New requirements on facilities that provide the abortion pill and a tax cut on the purchase of used cars are among the new laws that Arkansas residents will see with the new year.
LITTLE ROCK (AP) — New requirements on facilities that provide the abortion pill and a tax cut on the purchase of used cars are among the new laws that Arkansas residents will see with the new year.
The laws are among more than a dozen that took effect on Jan. 1, along with measures ranging from a pilot program to offer morbid obesity coverage and a requirement that new homes include carbon monoxide detectors.
The new licensing requirement was one of the few victories anti-abortion groups saw in the Legislature, with at least 10 other abortion-related bills never reaching the House floor for a final vote.
It requires facilities that perform 10 or more nonsurgical abortions a month to be licensed by the state Health Department and be subject to inspections by the department, the same requirements faced by facilities that offer surgical abortions in the state. It will affect two facilities operated by Planned Parenthood that offer the abortion pill, though they’re not singled out in the statute.
Arkansas Right to Life, which pushed for the change, said the requirements are needed to protect women who go to the clinics and so regulators could have more information about the facilities.
“We want to end abortions, but we also understand there is a safety issue,” said Rose Mimms, the group’s executive director. “We care about the woman and want to make sure that places that are doing abortions aren’t harming women.”
Planned Parenthood, however, said that its clinics are already regulated like any other health care facility and abide by the state Medical Practices Act. During the legislative session, Planned Parenthood warned that its clinics in Fayetteville and Little Rock would have to add procedure and recovery rooms, space that’s not needed in facilities that don’t perform surgery, in order to comply with the law. The group said in a statement in December that it’s ready for the new law, but declined to elaborate on what adjustments it’s made at the facilities.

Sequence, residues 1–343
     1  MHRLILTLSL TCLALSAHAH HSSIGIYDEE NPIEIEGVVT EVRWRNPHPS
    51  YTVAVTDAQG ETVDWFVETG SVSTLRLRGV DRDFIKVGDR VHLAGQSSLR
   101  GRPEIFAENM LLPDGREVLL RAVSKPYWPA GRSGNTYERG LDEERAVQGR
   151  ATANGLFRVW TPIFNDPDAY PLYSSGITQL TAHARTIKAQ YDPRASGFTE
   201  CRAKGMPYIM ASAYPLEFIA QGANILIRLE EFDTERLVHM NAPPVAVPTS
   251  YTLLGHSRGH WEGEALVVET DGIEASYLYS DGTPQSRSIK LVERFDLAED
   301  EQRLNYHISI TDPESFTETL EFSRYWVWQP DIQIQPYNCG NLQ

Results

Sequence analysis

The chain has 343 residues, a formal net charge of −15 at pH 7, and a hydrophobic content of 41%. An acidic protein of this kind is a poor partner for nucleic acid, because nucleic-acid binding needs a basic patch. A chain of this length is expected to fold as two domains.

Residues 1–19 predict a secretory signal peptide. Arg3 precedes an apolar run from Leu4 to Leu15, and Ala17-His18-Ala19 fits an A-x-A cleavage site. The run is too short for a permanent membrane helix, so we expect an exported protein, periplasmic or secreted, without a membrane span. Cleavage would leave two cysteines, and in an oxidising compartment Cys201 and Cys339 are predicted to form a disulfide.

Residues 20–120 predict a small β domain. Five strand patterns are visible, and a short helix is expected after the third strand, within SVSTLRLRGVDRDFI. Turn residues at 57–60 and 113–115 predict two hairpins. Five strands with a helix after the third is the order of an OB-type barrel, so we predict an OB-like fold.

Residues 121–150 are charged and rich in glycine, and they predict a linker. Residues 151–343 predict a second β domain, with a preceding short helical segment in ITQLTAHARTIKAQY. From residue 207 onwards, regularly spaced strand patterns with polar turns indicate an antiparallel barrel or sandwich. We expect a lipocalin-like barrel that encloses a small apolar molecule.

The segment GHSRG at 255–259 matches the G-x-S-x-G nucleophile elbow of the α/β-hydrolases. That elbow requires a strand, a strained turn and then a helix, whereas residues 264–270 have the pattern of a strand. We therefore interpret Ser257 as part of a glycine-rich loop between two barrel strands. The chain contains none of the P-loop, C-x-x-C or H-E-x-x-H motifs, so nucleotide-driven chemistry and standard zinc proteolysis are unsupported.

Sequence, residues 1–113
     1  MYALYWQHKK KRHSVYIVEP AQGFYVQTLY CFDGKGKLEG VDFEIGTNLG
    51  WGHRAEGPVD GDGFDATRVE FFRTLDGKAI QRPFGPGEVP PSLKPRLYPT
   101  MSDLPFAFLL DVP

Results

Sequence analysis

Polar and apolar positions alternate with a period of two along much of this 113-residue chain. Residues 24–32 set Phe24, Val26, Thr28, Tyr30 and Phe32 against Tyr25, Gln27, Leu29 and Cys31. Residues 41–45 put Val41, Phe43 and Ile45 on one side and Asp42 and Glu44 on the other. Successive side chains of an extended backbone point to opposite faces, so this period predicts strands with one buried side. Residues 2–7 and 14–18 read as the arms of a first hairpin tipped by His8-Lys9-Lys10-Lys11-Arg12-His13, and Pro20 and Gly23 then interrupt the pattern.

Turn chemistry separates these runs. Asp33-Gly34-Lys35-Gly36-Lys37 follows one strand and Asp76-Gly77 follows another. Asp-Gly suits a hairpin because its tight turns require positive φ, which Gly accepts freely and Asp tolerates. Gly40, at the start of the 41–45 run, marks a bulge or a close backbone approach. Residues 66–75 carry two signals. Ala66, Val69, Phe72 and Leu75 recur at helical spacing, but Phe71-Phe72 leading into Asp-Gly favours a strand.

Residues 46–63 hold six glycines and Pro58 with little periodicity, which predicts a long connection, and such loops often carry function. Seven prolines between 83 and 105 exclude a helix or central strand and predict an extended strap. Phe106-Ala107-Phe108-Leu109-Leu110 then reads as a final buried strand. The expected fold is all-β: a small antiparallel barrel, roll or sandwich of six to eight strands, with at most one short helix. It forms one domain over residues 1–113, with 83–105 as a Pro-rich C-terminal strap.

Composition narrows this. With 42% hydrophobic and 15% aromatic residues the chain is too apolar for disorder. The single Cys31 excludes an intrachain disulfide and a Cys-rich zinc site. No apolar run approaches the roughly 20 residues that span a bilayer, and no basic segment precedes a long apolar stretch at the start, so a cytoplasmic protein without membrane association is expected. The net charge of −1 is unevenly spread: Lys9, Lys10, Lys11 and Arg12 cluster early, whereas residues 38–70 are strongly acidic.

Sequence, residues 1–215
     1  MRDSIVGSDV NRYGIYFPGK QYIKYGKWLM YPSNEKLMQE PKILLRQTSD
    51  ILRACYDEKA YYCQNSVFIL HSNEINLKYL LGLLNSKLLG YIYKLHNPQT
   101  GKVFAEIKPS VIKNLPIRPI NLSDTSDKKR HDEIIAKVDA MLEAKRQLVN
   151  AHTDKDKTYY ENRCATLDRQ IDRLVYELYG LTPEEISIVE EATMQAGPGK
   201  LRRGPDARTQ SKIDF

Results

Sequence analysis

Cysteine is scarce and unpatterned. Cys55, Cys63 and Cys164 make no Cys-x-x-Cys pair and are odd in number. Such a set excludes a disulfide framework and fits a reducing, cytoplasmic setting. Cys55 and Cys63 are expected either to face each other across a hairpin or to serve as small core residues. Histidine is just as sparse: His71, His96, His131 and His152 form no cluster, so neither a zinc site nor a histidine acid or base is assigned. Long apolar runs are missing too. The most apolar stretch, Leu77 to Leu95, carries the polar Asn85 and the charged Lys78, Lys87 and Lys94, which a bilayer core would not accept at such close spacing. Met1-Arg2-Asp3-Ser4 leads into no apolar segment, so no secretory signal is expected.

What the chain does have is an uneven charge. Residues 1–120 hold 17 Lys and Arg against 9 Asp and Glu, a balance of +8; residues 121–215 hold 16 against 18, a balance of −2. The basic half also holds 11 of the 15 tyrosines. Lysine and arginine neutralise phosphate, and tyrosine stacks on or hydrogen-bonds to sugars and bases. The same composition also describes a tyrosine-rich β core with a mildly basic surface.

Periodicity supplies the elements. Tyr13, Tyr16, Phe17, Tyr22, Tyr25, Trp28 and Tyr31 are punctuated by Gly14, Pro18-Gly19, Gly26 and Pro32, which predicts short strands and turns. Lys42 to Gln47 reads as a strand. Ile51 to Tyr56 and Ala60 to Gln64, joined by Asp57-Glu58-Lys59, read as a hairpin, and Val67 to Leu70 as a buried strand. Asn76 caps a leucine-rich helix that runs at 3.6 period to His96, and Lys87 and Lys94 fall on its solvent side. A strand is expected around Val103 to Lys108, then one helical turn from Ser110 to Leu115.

“We are in compliance with all current state laws and regulations and have made all administrative adjustments necessary to meet the new standards imposed by the additional licensing requirements,” said Murry Newbern, director of community affairs for Planned Parenthood of Arkansas and Eastern Oklahoma. “This law will not affect the services we provide or impact the women that rely on us for safe abortion care.”
Arkansas has one clinic that performs surgical abortions, which is in Little Rock.
The new year will also bring a new tax cut for Arkansas residents who buy a used car. Starting Jan. 1, taxpayers who buy a vehicle with a selling price of less than $4,000 would not have to pay sales tax on the purchase. That increases the exemption from $2,500.
The tax cut was part of a $35 million package of reductions that Gov. Mike Beebe negotiated with lawmakers during the session. The package includes a half-cent cut in the state sales tax on groceries that took effect in July and an annual back-to-school sales tax holiday.
The used car tax cut is expected to cost the state about $5 million annually.
Sen. Gilbert Baker, who sponsored the cut, said he hoped it would provide relief to working Arkansans during the economic downturn.
“It’s worth every penny that we can put forth to make that happen,” said Baker, R-Conway.
A variety of other laws will also take effect, including measures that will:
• Require a low voltage carbon monoxide detector be installed on each floor of a new home constructed after Jan. 1. The law makes it a misdemeanor to violate the new requirement.
• Require state and public school employee health benefit plans to offer coverage for the diagnosis and treatment of morbid obesity, including gastric bypass surgery and adjustable gastric banding surgery. The law is intended to be a pilot program to study the effect of requiring insurers to cover the procedures, according to its sponsor, Sen. Jimmy Jeffress, D-Crossett.
• Allow the Department of Finance and Administration to offset any tax refund due for any tax it collects against a debt for any tax administered by the state.